In an article published last month, Chalkbeat’s Patrick Wall reported that early data shows attendance gains in Newark, New Jersey, as a result of a district push to combat absenteeism. Wall reported that Superintendent Roger León launched an attendance campaign this past school year called "Give Me Five," where every district employee reminded five students to show up for the first day of school.

León proudly announced that 24% of students were classified this year as chronically absent, a number that is a 5.4 percentage-point improvement over the previous year, which translates to 2,100 fewer students missing 1% or more of school days. Additionally, Newark Schools also improved their average daily attendance rate from 86 to 91% this past year.

Newark has long been under the state’s microscope for its attendance issues. Although year-to-year attendance rates can be impacted by many outside factors, the jury is still out on whether Newark has found a long-term solution to its problem or not. Still, New Jersey State Education Commissioner Lamont Repollet acknowledged at a recent board meeting, “I’m very encouraged with the city of Newark.”

Newark is not alone in its efforts to combat chronic absenteeism, an issue that plagues many communities from coast to coast. I discussed the impact that schools face as a result of chronic absenteeism by students in this 2018 MultiBriefs Exclusive.

In that article, I referenced an Education Week report, which identified 1 in 7 students as chronically absent in the 2015-16 school year, meaning that they missed 15 or more days of school. The report, along with other data and documentation, led lawmakers to prioritize a chronic absenteeism metric for inclusion in the 2015 Every Student Succeeds Act (ESSA).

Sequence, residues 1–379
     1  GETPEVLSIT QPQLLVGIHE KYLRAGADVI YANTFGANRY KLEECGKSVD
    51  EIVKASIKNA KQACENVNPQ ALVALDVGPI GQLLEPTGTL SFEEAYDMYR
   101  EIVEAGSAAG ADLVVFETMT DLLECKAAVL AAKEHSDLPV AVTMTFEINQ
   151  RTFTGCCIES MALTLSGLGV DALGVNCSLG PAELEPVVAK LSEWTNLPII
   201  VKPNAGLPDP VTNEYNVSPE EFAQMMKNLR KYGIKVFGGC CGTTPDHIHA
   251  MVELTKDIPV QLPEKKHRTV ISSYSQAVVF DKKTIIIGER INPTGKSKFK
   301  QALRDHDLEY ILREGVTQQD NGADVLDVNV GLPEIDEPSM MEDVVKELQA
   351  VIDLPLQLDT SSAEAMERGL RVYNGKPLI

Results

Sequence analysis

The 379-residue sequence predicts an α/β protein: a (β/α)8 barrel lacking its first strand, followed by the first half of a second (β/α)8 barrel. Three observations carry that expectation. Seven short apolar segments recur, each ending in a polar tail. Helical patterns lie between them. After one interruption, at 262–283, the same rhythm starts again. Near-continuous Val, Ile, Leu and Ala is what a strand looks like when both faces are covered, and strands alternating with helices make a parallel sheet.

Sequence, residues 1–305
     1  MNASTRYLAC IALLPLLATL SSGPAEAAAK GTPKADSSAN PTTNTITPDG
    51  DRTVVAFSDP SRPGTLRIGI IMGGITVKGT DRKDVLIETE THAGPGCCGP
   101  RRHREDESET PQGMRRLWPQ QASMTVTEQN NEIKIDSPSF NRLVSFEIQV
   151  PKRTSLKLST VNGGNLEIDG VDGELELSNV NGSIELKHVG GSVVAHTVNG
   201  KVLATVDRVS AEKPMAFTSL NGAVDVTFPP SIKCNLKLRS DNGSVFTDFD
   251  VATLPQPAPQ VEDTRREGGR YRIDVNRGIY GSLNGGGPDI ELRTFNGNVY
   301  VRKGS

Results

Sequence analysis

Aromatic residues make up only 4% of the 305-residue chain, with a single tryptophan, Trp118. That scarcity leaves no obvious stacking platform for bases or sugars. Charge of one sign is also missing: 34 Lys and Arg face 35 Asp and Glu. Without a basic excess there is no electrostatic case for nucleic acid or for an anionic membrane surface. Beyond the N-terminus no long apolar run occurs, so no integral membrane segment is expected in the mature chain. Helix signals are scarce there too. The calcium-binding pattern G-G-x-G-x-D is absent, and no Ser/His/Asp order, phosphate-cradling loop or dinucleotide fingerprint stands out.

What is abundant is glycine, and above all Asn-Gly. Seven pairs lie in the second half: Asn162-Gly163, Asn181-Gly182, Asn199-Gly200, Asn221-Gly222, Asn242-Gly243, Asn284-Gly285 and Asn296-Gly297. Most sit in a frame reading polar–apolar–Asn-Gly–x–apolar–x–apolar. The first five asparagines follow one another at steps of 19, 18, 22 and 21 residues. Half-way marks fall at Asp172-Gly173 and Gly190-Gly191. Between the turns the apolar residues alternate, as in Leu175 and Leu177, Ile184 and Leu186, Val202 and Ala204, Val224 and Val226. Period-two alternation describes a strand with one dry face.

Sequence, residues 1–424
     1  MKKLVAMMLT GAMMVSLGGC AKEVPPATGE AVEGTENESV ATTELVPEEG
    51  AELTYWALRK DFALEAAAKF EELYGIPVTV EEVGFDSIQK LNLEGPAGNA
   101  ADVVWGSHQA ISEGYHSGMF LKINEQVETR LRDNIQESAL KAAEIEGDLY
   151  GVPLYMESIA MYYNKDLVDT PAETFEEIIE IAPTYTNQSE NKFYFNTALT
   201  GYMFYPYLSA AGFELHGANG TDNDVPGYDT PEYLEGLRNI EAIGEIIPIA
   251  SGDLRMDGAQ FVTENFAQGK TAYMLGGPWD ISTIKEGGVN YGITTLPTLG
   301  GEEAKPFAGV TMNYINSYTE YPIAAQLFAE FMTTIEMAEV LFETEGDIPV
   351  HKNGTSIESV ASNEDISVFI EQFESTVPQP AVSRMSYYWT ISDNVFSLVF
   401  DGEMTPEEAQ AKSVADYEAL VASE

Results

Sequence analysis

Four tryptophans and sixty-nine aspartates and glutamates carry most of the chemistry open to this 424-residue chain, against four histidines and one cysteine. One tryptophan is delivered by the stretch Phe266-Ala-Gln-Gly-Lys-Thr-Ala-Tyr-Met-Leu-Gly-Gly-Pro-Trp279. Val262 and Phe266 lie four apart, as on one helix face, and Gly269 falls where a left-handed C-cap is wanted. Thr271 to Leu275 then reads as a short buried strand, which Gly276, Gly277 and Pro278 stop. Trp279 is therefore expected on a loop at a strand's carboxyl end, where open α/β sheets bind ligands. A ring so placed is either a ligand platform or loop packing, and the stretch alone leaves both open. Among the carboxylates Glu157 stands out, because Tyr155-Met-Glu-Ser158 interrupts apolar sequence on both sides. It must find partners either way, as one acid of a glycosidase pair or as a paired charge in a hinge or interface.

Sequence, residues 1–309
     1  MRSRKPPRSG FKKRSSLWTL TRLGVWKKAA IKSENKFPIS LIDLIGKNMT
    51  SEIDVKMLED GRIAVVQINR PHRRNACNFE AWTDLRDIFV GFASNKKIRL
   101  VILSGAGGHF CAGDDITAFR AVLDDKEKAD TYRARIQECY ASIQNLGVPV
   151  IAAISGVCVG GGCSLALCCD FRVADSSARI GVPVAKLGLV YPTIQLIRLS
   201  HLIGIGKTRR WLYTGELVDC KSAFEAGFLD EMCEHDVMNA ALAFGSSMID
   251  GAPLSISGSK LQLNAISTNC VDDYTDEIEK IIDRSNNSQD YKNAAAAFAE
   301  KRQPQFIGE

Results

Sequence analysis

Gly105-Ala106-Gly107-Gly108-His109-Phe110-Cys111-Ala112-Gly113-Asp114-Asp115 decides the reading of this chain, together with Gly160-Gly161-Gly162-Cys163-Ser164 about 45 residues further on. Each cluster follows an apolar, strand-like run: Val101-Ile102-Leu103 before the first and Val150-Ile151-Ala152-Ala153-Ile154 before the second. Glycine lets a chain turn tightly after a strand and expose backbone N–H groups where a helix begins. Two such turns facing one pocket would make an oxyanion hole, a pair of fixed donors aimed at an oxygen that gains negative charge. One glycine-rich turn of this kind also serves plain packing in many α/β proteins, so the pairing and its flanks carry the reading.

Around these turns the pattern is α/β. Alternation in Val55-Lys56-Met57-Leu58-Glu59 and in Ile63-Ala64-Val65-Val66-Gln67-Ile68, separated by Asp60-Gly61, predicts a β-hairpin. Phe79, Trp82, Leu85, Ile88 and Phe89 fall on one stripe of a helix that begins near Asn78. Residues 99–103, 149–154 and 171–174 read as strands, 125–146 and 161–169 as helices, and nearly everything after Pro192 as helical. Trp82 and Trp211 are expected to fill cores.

The Department of Education summarized the greatest impacts felt by schools as a result of this issue in this report:

  1. Chronic absenteeism may prevent children from reaching early learning milestones.
  2. Irregular attendance can be a better predictor of whether students will drop out before graduation than test scores.
  3. Frequent absences from school can shape adulthood.

The DOE provides a toolkit that schools can use to eliminate chronic absenteeism. The kit, entitled “Every Student, Every Day” can be found here. It includes tools and strategies that can be used by a variety of groups, including youth; parents and families; mentors and volunteers; school district superintendents and staff; school personnel; early learning providers, healthcare, public health and human services agencies and providers; public housing authorities; juvenile justice and law enforcement; homeless services providers; mayors and local government; and community, faith-based, and philanthropic organizations.

All these groups share the responsibility of working to eliminate chronic absenteeism among students in our nation’s schools. The department makes a bold call to action: “There are consequences to inaction. There are consequences to indifference. And they reverberate far beyond the walls of the projects, or the borders of the barrio, or the roads of the reservation. They sap us of our strength as a nation. It means we’re not as good as we could be. And over time, it wears us out. Over time, it weakens our nation as a whole.”

Many would argue that attendance problems start at home, and therefore could and should be resolved their first. When possible, outside organizations should work with parents and families to help them take the first step towards addressing the matter in the home.

Earlier this year, the American Academy of Pediatrics made a call to action to parents in an effort to curb chronic absenteeism by children in schools. In this informational article, the AAP offered parents these practical tips parents can use to get their children to school on time, every day.

  • Set attendance goals with your child and track your child's attendance on a calendar.
  • Help your child get a good night's sleep.
  • Prep the night before to streamline your morning.
  • Try to schedule dental or medical appointments before or after school hours.
  • Schedule extended trips during school breaks.
  • Don't let your child stay home unless he or she is truly sick.
  • Talk with your child about the reasons why he or she does not want to go to school.
  • If your child has a chronic health issue such as asthma, allergies, or seizures, talk with your pediatrician about developing a school action plan.
  • Follow the rules.
  • Keep track of your child's attendance and investigate reasons when the days missed add up.

Will Newark’s successes be a model for others to follow in the coming years? Only time will tell. For now, a small victory is still a victory for Newark and our nation as a whole.